Ars Technica writes: On Monday, Nvidia took the unusual step of offering a revised Q4 2019 financial estimate ahead of its scheduled disclosure on February 14. The reason: Nvidia had already predicted low revenue numbers, and the hardware producer is already confident that its low estimate was still too high. The original quarterly revenue estimate of $2.7 billion has since dropped to $2.2 billion, a change of roughly 19 percent. A few new data points factor into that revision. The biggest consumer-facing issue, according to Nvidia, is “lower than expected” sales of its RTX line of new graphics cards. This series, full of proprietary technologies like a dedicated raytracing processor, kicked off in September 2018 with the $1,199 RTX 2080 Ti and the $799 RTX 2080. The RTX launch was bungled, and the cryptocurrency hype is way past its prime. It’s not a surprise Nvidia is going to experience a rough year.
FreeSync support is coming to Nvidia; at its CES event today, Nvidia announced the GSync-Compatible program, wherein it says it will test monitors that support the VESA DisplayPort Adaptive-Sync protocol to ascertain whether they deliver a “baseline experience” comparable to a GSync monitor. Coincidentally, AMD’s FreeSync utilizes the same VESA-developed implementation, meaning that several FreeSync-certified monitors will now be compatible with Nvidia’s 10- and 20-series GPUs. This is great news, since GSync support requires additional hardware and this increases prices; you’ll find that the GSync version of a display is always significantly more expensive than the FreeSync version.
NVIDIA is proud to announce PhysX SDK 4.0, available on December 20, 2018. The engine has been upgraded to provide industrial grade simulation quality at game simulation performance. In addition, PhysX SDK has gone open source, starting today with version 3.4! It is available under the simple 3-Clause BSD license. With access to the source code, developers can debug, customize and extend the PhysX SDK as they see fit.
I'm not well-versed enough in this area to gauge how big of a deal this news it, but regardless, it seems like a good contribution to the open source community.
The recent boom in artificial intelligence has produced impressive results in a somewhat surprising realm: the world of image and video generation. The latest example comes from chip designer Nvidia, which today published research showing how AI-generated visuals can be combined with a traditional video game engine. The result is a hybrid graphics system that could one day be used in video games, movies, and virtual reality.
Impressive technology. I can see how this will eventually make it a lot easier to generate graphics for 'realistic' games.
It's been roughly a month since NVIDIA's Turing architecture was revealed, and if the GeForce RTX 20-series announcement a few weeks ago has clued us in on anything, is that real time raytracing was important enough for NVIDIA to drop "GeForce GTX" for "GeForce RTX" and completely change the tenor of how they talk about gaming video cards. Since then, it's become clear that Turing and the GeForce RTX 20-series have a lot of moving parts: RT Cores, real time raytracing, Tensor Cores, AI features (i.e. DLSS), raytracing APIs. All of it coming together for a future direction of both game development and GeForce cards.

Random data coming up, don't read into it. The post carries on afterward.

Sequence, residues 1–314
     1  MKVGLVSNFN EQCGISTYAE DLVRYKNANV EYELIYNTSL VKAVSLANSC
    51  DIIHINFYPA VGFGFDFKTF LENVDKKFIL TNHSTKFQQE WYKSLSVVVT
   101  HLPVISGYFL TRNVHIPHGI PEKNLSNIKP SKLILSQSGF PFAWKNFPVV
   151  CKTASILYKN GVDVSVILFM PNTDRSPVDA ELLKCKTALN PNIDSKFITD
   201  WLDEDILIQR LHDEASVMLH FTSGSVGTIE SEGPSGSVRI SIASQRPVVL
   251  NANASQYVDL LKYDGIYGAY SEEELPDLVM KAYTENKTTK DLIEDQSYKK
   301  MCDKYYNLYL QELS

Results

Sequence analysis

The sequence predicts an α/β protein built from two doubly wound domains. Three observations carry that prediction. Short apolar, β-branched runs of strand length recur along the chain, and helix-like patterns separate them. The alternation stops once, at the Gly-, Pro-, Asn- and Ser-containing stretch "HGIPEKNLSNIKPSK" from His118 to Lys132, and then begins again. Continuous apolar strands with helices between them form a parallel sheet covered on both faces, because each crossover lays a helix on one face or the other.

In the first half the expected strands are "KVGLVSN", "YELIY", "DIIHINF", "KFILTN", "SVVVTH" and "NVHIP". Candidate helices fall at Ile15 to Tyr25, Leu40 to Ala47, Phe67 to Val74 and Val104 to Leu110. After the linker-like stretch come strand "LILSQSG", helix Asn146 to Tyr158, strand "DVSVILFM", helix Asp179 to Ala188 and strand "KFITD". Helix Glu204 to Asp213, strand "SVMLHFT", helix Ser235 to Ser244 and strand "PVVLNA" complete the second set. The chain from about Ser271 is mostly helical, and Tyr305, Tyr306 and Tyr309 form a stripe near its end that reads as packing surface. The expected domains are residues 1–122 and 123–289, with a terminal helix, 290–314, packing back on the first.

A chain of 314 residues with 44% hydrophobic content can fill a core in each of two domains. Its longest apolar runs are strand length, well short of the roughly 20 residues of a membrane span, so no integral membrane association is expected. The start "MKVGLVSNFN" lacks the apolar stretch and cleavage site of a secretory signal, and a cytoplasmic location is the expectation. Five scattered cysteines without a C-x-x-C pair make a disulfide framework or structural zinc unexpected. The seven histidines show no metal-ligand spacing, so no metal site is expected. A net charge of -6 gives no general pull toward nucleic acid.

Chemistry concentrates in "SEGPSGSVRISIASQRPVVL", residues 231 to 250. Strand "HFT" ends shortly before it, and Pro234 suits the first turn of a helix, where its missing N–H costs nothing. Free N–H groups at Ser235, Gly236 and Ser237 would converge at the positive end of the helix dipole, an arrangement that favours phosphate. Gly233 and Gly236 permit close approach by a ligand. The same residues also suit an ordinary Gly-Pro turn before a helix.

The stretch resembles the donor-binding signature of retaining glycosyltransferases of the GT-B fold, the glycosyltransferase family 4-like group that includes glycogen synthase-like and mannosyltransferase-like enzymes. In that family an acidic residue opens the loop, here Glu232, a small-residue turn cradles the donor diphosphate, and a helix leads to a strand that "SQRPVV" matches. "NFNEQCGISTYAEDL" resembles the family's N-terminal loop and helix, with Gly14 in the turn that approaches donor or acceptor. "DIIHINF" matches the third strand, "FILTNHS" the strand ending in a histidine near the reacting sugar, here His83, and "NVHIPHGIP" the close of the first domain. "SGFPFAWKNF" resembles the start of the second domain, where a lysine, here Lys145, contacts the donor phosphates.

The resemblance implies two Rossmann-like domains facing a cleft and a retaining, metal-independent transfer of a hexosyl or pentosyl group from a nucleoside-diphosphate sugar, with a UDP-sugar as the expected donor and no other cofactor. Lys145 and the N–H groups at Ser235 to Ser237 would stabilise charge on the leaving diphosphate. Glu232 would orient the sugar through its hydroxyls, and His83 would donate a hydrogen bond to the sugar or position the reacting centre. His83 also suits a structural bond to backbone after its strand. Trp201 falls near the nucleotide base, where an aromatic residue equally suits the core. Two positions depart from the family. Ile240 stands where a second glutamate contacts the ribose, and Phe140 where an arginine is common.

In a significant departure from past launches, NVIDIA has broken up the embargos around the unveiling of their latest cards into two parts: architecture and performance. For the first part, today NVIDIA has finally lifted the veil on much of the Turing architecture details, and there are many. So many that there are some interesting aspects that have yet to be explained, and some that we'll need to dig into alongside objective data. But it also gives us an opportunity to pick apart the namesake of GeForce RTX: raytracing.
AnandTech's deep dive into NVIDIA's new Turing architecture - the only one you really need.
NVIDIA announced its new Turing video cards for gaming today, including the RTX 2080 Ti, RTX 2080, and RTX 2070. The cards move forward with an upgraded-but-familiar Volta architecture, with some changes to the SMs and memory. The new RTX 2080 and 2080 Ti ship with reference cards first, and partner cards about 1-3 months after that, depending on which partner it is. The board partners did not receive pricing or even card naming until around the same time as media, so expect delays in custom solutions.
A major upgrade, and pricing - starting at $599 for the 2070 - is entirely reasonable for a new generation. Might finally be time to upgrade my 1070 once EK Waterblocks releases waterblocks for these new cards.
Moments ago at NVIDIA's SIGGRAPH 2018 keynote presentation, company CEO Jensen Huang formally unveiled the company's much awaited (and much rumored) Turing GPU architecture. The next generation of NVIDIA's GPU designs, Turing will be incorporating a number of new features and is rolling out this year. While the focus of today's announcements is on the professional visualization (ProViz) side of matters, we expect to see this used in other upcoming NVIDIA products as well. And by the same token, today's reveal should not be considered an exhaustive listing of all of Turing's features.
If you've been holding off on upgrading a 10x0 or earlier card, you're about to be rewarded - at Gamescom next week, NVIDIA is expected to unveil the consumer cards based on the Turing architecture.